Alberta horse owners are on the alert for the spread of a deadly disease.
An outbreak of Potomac horse fever, which is fatal in up to 30 per cent of cases, has been declared in the province.
Erin Deems, executive director of The Saving Grace Animal Society in Alix, said the shelter cares for horses that are surrendered, as well as those that are injured.
Deems hadn’t heard of Potomac horse fever – a water-borne disease – for quite a while. But in the past couple of months, she has heard of three or four cases of the disease.
Deems said shelter staff are keeping a close eye on the horses and cleaning the drinking water bowls frequently.
The outbreak is a concern for Deems, but she says it’s manageable.
“Just keeping a close eye on livestock and checking on them throughout the day and noticing if anything is different, it’s OK,” she said.
“It’s just making sure we’re on top of it and keeping animals safe.
“If you catch it quick, the animals can survive it.”
Dr. Meg Irving at Riverstone Veterinary Services in Sundre said the clinic has seen three confirmed cases of Potomac fever this summer. That’s a higher number than what the clinic usually sees.
“And a couple of those were from Grande Prairie and Fort McMurray area,” Irving said.
The clinic’s veterianarians are aware of the outbreak in the province, but haven’t seen enough cases to call it an outbreak in the Sundre area.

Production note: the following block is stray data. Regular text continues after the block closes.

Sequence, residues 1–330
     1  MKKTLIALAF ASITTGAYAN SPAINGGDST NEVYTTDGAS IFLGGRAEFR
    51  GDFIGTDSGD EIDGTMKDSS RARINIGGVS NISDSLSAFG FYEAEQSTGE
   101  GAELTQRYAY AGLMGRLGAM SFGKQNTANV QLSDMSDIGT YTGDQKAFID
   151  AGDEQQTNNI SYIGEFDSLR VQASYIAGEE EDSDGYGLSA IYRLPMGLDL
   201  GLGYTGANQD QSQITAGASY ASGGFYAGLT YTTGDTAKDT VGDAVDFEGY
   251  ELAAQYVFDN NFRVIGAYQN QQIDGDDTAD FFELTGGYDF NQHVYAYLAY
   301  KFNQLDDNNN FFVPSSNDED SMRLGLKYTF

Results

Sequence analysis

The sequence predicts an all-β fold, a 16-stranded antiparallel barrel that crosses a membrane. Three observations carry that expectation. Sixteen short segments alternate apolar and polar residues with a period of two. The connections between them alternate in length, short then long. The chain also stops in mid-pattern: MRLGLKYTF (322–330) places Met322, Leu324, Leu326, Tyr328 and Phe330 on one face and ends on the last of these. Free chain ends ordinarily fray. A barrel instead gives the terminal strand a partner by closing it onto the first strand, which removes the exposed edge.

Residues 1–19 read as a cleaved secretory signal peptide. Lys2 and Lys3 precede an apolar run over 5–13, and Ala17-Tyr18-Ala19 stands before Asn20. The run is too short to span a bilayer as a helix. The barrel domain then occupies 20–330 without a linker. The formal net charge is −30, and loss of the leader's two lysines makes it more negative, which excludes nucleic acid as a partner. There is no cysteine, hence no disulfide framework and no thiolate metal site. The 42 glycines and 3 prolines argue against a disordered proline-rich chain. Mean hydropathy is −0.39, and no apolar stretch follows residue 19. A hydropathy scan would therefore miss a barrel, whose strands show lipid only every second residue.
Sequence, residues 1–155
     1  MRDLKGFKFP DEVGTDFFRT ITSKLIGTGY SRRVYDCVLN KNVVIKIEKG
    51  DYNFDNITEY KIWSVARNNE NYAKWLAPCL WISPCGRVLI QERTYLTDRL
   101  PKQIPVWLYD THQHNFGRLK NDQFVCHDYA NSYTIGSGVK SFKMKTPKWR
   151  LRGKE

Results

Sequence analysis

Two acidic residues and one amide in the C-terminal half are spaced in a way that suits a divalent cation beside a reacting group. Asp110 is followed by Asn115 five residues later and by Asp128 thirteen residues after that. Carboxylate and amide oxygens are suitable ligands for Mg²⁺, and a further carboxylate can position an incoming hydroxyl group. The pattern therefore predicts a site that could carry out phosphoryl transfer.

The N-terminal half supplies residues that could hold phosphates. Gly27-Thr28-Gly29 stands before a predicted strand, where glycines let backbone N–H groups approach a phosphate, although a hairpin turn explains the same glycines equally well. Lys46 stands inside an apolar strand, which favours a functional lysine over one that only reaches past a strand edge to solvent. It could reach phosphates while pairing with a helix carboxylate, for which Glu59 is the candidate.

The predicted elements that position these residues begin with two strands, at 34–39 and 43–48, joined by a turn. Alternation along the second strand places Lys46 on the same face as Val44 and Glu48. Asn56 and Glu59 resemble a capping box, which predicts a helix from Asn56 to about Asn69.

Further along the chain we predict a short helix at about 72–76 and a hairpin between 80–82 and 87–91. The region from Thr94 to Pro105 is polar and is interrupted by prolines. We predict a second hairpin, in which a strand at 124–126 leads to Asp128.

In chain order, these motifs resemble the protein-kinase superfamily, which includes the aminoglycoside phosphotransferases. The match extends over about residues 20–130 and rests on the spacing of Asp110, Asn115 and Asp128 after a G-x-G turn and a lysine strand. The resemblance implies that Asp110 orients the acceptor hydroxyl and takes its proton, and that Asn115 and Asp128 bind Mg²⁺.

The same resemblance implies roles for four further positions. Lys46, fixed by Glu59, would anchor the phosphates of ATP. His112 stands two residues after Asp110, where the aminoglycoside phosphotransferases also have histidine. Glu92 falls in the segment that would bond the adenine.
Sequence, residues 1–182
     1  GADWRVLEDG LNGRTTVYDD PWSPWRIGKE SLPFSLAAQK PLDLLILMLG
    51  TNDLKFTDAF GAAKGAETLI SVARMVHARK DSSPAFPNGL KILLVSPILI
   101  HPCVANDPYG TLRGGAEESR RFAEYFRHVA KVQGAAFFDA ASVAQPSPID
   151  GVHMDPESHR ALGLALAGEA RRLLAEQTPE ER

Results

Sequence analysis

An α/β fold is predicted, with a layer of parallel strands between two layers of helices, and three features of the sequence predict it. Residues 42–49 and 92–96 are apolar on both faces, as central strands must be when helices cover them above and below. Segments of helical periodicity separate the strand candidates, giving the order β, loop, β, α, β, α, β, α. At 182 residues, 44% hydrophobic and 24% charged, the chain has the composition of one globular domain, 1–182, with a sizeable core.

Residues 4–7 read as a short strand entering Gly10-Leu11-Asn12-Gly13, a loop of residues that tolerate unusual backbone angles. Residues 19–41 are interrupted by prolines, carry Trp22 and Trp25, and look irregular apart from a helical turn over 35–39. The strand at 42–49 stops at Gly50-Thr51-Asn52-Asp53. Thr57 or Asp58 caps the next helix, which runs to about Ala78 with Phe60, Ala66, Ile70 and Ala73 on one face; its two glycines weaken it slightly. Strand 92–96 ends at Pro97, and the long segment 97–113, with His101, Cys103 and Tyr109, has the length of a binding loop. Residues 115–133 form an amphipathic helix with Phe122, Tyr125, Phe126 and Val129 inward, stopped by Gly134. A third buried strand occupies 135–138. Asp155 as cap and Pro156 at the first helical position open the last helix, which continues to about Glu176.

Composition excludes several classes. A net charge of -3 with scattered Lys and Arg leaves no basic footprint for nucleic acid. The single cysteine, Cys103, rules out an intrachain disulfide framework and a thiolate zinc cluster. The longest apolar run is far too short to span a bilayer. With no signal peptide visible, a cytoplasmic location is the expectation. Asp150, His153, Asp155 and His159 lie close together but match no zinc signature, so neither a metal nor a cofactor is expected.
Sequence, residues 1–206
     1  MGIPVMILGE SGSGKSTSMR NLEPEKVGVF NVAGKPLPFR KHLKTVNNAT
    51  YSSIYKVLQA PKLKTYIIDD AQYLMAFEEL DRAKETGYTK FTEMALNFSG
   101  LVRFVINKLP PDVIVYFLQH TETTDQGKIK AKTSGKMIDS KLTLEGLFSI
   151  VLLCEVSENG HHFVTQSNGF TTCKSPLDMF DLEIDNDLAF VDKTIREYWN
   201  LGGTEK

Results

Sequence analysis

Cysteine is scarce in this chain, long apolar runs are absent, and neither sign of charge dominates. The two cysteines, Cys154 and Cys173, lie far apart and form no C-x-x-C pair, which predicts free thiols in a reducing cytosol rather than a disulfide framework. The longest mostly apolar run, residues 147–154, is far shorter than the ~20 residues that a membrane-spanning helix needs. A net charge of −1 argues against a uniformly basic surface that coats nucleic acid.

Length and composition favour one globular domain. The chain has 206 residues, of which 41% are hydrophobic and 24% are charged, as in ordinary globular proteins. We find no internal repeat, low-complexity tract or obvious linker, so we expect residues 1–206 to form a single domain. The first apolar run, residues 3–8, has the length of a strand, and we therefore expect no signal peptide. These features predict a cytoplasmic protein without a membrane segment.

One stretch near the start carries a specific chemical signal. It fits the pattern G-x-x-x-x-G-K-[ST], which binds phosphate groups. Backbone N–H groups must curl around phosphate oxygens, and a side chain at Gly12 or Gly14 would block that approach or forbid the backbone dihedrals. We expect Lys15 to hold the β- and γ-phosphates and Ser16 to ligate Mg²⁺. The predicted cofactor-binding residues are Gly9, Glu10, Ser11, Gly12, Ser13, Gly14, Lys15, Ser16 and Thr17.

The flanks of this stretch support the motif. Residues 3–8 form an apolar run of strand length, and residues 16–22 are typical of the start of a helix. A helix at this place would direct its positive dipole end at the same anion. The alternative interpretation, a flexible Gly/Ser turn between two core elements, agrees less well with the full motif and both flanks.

Sue McIntosh thought her horse, Finnegan, looked a bit off, so she rushed him to a veterinary clinic a couple of weeks ago. The 13-year-old was diagnosed with Potomac horse fever.
“He was in critical care for three days, and then he was there for another couple of days on IV with his ice boots on,” says McIntosh, who runs a horse therapy program at Cremona.
Potomac horse fever produces mild colic, fever and diarrhea in horses of all ages, as well miscarriages in pregnant mares.
The bacteria lives inside snails, slugs and aquatic insects, such as mayflies and caddisflies. Horses eat the bugs while drinking water or eating hay or grass.
Infected animals can lose up to 100 litres of fluid per day.
The disease was first identified in 1979 in the eastern United States near the Potomac River, but it has since been identified in various other locations in the United States, as well as in Alberta and Ontario.
Irving said owners should monitor their horses carefully, and look for symptoms including lethargy, fever and diarrhea.
“It depends on the horse – it can manifest in 24 hours and some horses don’t have diarrhea for days,” Irving said.
“Almost all of them will have a fever, though.”
With files from The Canadian Press